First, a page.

# Equation of a line in $\mathbb{R}^3$ space.

The equation of a line in $\ \mathbb{R}^2 \$ can concisely be expressed as $\ ay+bx=c \$. (And similarly, a plane in $\ \mathbb{R}^3 \$ is expressed as $\ ay+bx+cz=d \$).

I've tried to find a similar way to express a line in $\ \mathbb{R}^3 \$ but I can't find any. The closest I got was the vector equation of a line, but that's too dissimilar from $\ ay+bx=c \$, and also a bit more complicated.

Am I correct in thinking there isn't any similar way to express a general 3-D line in this way? (Sorry for the vagueness of the word "similar").

• Related: What is the equation for a 3D line?. – dxiv Jan 2 '18 at 4:00
• I don't think there's anything "wrong" or unnatural about the vector form of the line. In fact, I prefer it, as it works in all dimensions exactly the same way and is clearly equivalent to our favorite $y=mx+b$ form in two dimensions. – Randall Jan 2 '18 at 4:05
• Thanks for the quick and helpful replies. It's much clearer now. – Stephen Jan 2 '18 at 4:16

If $f(x, y, z)$ is a differentiable function (with the derivative satisfying some special conditions*) of 3 variables x, y, z (it can end up not depending on some of those variables), then the equation $f(x, y, z) = c$ defines a 2-dimensional "manifold" (think of it like a curvy sheet of paper).

In general, if f is a function of n variables, then f(those n variables) = c defines an n-1 dimensional manifold.

A plane is a 2 dimensional manifold, which is why you can express it the way you did. A line is a one dimensional manifold, which is why we can't just express it with something like $ax+by+cz=d$—we need more equations to reduce the dimension of the manifold it defines. (hence the vector formulation!)

A good way to think about manifolds is that the number of variables are the degrees of freedom, and the number of equations are the constraints, and the dimension of the shape you're producing is degrees of freedom minus constraints.

For a plane in 3-dimensional space, you have 3 variables and one equation. 3-1=2, which is the dimension of a plane. For a line in 3-space, we have 3 variables, but a line is one-dimensional, so one equation does not suffice to describe it.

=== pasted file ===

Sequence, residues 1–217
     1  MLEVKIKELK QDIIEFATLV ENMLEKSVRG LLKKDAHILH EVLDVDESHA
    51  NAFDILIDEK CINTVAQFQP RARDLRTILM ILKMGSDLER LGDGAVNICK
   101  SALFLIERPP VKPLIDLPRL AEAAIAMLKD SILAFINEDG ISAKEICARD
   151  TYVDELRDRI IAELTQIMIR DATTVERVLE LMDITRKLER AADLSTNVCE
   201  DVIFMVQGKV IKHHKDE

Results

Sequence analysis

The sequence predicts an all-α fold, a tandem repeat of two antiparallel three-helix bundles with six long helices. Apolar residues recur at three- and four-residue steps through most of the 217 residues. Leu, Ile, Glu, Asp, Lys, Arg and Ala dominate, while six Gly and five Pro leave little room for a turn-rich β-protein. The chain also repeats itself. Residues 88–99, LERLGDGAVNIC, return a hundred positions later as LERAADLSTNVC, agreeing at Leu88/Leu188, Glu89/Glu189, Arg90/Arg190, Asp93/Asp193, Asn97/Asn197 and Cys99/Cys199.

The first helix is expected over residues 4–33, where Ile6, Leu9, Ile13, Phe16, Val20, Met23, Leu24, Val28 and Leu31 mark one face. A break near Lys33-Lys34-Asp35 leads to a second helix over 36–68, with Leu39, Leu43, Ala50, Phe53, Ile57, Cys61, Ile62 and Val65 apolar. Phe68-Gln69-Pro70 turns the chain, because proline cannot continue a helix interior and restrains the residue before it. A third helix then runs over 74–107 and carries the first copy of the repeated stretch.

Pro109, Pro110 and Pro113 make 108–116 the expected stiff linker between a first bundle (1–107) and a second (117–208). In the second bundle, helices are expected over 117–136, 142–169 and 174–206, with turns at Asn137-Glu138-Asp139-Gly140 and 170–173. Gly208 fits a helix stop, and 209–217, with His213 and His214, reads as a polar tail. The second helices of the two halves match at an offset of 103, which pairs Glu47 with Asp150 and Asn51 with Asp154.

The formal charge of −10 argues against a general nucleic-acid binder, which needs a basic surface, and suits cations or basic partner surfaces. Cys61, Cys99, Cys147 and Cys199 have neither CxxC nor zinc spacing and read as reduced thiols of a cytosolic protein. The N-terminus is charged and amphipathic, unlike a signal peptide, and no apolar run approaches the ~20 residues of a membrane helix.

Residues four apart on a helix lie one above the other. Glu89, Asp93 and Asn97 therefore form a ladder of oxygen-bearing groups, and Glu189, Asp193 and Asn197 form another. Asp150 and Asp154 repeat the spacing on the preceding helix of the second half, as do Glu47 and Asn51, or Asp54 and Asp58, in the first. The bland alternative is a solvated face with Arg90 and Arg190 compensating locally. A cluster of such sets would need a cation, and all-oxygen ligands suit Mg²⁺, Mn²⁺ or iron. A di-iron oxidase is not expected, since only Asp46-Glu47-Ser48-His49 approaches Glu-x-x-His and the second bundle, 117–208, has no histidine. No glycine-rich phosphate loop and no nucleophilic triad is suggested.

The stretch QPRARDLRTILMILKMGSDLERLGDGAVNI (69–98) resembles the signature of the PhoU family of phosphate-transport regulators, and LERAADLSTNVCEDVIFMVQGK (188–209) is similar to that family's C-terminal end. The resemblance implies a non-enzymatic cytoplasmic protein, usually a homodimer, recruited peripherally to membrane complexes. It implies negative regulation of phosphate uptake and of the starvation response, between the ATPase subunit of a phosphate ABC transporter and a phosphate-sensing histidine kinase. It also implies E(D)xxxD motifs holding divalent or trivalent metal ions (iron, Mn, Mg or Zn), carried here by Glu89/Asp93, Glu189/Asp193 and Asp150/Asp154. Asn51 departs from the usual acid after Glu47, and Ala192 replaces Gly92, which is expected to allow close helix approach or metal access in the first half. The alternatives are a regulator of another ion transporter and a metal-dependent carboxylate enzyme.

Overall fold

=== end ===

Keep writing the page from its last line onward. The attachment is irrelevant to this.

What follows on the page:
*If you're interested, this "special condition" is surjectivity. If we have this property at a point, then the point set is locally a manifold.

**If you're really interested, look into how one can use something called the implicit function theorem (which is, among other things, a way of stating the relationship between degrees of freedom and constraints) to define manifolds. Vector Calculus, Linear Algebra, and Differential Forms by Hubbard & Hubbard gives an excellent and accessible treatment of the subject.

• You're right. I didn't want to go into the conditions for being a differentiable manifold, but I see my simplification was actually misinformation. I'll fix it. – Marcus Aurelius Jan 2 '18 at 4:09

The most natural way to describe a line in $\mathbb{R}^3$ as a solution set is using two linear equations. Namely, take two planes whose intersection is your line, and take their equations. So any line in $\mathbb{R}^3$ can be described by a system of equations of the form $$ax+by+cz=d$$ $$ex+fy+gz=h.$$

It actually is possible to combine these two equations into a single equation, by a somewhat artificial trick. Namely, you use the fact that if $s,t\in\mathbb{R}$ then $s=t=0$ iff $s^2+t^2=0$. In this case, we take $s$ and $t$ to correspond to our pair of equations, and thus get a single equation $$(ax+by+cz-d)^2+(ex+fy+gz-h)^2=0$$ whose solution set is our line. (This single equation is usually no easier to use than the system of two equations though; it is mainly of interest just to illustrate that it is possible to use a single polynomial equation.)

Although there are ways to represent a line in 3-d with a single equation, for instance, as a degenerate quadric, there’s no way to represent it as a single linear equation. There is, however, a way to convert a parametric equation for a line into a system of linear equations that can be written in a succinct form.

Let the line be parameterized as $\mathbf p + \lambda \mathbf v$. Expand by coordinates and solve for $\lambda$: $${x - p_x \over v_x} = {y-p_y \over v_y} = {z-p_z \over v_z}.$$ This only works if none of the components of $\mathbf v$ is zero. If it is, then you will need a separate equation that sets the corresponding variable to a constant value.

You want a line, which will of course take the form: $$\left\{\begin{bmatrix}a+b\lambda\\c+d\lambda\\e+f\lambda\end{bmatrix}\mid \lambda\in\Bbb R,\quad a,b,c,d,e,f\in\Bbb R\right\}$$$$=\left\{\begin{bmatrix}a\\c\\e\end{bmatrix}+\lambda\begin{bmatrix}b\\d\\f\end{bmatrix}\mid \lambda\in\Bbb R,\quad a,b,c,d,e,f\in\Bbb R\right\},$$ i.e. $x(\lambda)=a+b\lambda, y(\lambda)=c+d\lambda,z(\lambda)=e+f\lambda$

Or as symmetric equations, if $b,d,f$ are all nonzero: $$\frac{x-a}{b}=\frac{y-c}{d}=\frac{z-e}{f}=\lambda$$